Monday, February 23, 2015

Beauty, all around

Sunrise, Saturday, Copper Mountain Mesa
Friday night we went to the Black Rock Lecture Series, "San Bernardino County Renewable Energy Development Codes Updates," a rather uninspiring name for a very important talk on state and national plans for energy creation in the California desert.

Frazier Haney, of the Mojave Desert Land Trust, gave an informative overview of policies affecting the desert. David Lanfrom, of the National Parks Conservation Association, then gave a poetic interpretation of what the policies mean to the future of our country and where our visions of the future fall into shortsightedness and a lack of imagination. James Ramos, Supervisor, San Bernardino County, talked about moratoriums used to scale back large scale energy development poised at the gates of the desert like an impending gold rush.

I learned enough to write a semi-intelligible public comment on the DRECP (Desert Renewable Energy Conservation Plan – drecp.org) due today. If you haven’t already, send your comments to: docket@energy.ca.gov or http://tinyurl.com/hdstar-drecp.

The scrub - burrobush, big galleta grass and creosote, once so bland and colorless to me, now look unimaginably beautiful.
A Joshua Tree in bloom on our neighbor's property.
On Saturday night there was a benefit at the Palms in Wonder Valley for the artist, Heather L. Johnson. Her project, "In Search of the Frightening and Beautiful," begins again in March with a motorcycle trip to South America. Heather has completely won the hearts of everyone in Wonder Valley and the house was packed. Live music included the Sibleys, son of the velvet rat, the Renderers (pictured below), BATT and Reverend Screaming Fingers (aka Luci Lightning).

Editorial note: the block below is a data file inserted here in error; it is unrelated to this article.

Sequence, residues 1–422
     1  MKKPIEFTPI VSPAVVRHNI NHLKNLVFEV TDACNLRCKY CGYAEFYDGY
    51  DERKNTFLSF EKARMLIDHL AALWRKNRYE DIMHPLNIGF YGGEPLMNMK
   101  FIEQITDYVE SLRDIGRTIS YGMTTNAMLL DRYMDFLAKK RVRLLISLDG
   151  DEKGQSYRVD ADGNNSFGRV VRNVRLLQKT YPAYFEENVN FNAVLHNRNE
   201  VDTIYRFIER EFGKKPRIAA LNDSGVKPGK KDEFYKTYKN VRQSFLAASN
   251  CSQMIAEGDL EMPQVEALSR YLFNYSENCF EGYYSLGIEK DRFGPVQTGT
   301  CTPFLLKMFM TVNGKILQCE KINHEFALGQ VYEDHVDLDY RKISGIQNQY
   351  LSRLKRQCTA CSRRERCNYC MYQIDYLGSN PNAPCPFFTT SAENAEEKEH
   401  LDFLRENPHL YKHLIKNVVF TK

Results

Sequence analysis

I enjoyed some of the music, but missed son of the velvet rat as I volunteered to help tend bar, take orders and deliver food. I did so for about an hour and had a blast. I hope I have a chance to do it again. As I've mentioned before, I was a bartender/food server/restaurant manager for almost 20 years. If it weren't for my old bones I'd probably be doing it still. It was my favorite job ever. To be able to dip my toe in that pool was such a treat.


The Renderers - loved them!
Sunday morning came a little earlier than usual. Laurel and Frank, from the Glass Outhouse Gallery, were, as always, already there. Frank gave me a couple of past issues of Ratany, "a [Wonder Valley] community newsletter that investigates the arts and artists and odd news." More on that later.

My friend Charlie came to visit from Los Angeles and ran into his two friends Laurel and Steak who are relocating to the area. We introduced them around. Pictured below, from left to right, Laurel Frank, Laurel and Frank. Serendipity, no?

Honorable mention to Leslie Mariah Andrews who painted the portrait of Laura Sibley and Pumpkin hanging over Laurel's head.

Laural Frank, Laurel Seidl and Frank Mezget
Two of our friends were celebrating their 13th anniversary with a walk in Joshua Tree National Park. Charlie and I tagged along. It was my second trip to the park and pretty much my first time out of the car. It was cold, which was a surprise because it's been in the 80s and 90s for a couple of weeks now.

The clouds rolled in and the lighting on the landscape shifted dramatically. Our of our friends had been a park ranger and was adept at taking us on the gentlest routes while pointing out various plants and budding wild flowers. It was so quiet and peaceful and beautiful. I know now what I must do. I must get a park pass and come here regularly. Walking just 100 or 200 feet away from the parking lot takes you to an otherworldly landscape that delights and expands. 


Thank you, my friends, for bringing us here and sharing this beauty of the desert with us, on this most auspicious of anniversaries!

Clouds rolled in in the afternoon bringing much needed rain.
Looking across the Marine Air Ground Combat Training Center from Copper Mountain Mesa.
It was a beautiful weekend in Joshua Tree and the all the gateway towns. Wish you were here.

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